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Odyssey One

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by Evan Currie

 

I am torn on this book.  On one hand, this was great military scifi.  I am a retired colonel in the Marines, and from my viewpoint, the military aspects of it were very good.   The jargon, mentality, methodology—all rang true.  The last several military scifi books I have read were so bad from a military standpoint that is was a refreshing alternative to have the military aspect support the novel instead of being a liability.

The story was good, the plot moved crisply, and the events mostly believable.  I thoroughly enjoyed the story-telling.

The book revolves around the maiden voyage of the NAC Odyssey, a new faster-than-light ship.  The captain was the former commander of a top flight squadron, and that squadron is on board as part of the ship’s contingent.

On what seems to be merely a shakedown cruise, the Odyssey encounters a situation where the captain must decide whether to get involved in an interstellar war between heretofore unknown humans and a marauding group of hive-like aliens.   In the best of space opera traditions, the captain decides on fighting, even against seemingly insurmountable odds.

As I wrote above, the military aspect of the writing is pretty much spot on.  The science seems reasonable, too.  I am not an expert in physics, but I didn’t catch many glaring errors. 

I was put off slightly by a few minor things.  The friendly casualties seemd way too light for the situation given.  And I was put off by the ease in which soldiers can “dodge” energy weapons and lasers.  But generally speaking, events were believable.

On the other hand, the almost fatal flaw in this book is the editing.  I honestly have never read such a horrendously poor piece of the written word from a editing viewpoint.  Initially, the poor editing was annoying, but not that bad.  But beginning with Chapter 8 and on through about Chapter 13 or so, the errors got to the point that it was almost impossible to read.  Spelling, improper word choice, punctuation, inner thoughts of two different people being given in the same place,  subject verb agreement—all made reading the book painful.  Some sentences had three errors alone.  It got so bad that I almost had to put the book down.  For a lesser story, I would have left the rest unread.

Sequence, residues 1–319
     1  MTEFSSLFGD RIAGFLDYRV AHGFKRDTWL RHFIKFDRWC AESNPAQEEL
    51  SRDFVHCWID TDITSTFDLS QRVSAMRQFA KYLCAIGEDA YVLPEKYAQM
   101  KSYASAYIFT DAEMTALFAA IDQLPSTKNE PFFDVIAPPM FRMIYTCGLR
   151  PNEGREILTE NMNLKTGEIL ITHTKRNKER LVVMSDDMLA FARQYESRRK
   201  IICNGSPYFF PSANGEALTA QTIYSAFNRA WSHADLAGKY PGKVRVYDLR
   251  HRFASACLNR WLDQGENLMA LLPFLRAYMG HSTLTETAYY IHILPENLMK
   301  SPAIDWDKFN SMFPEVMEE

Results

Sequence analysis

Things got a little better after Chapter 13, but only in comparison. It was still pretty bad.

This book highlights the need for good editing.  Self-published or not, a simple read-through by the author would have cut out most of these errors.  And paying an independent editor a few hundred dollars to do a copy edit would have reaped great rewards.  

The basic book is very good, as good as that put out by any established military scifi author.   But the editing drags this book down.  If you can gloss over the editing, then I can highly recommend this book. 



 

For more reviews or to buy Odyssey One from Amazon.com, click here.

 

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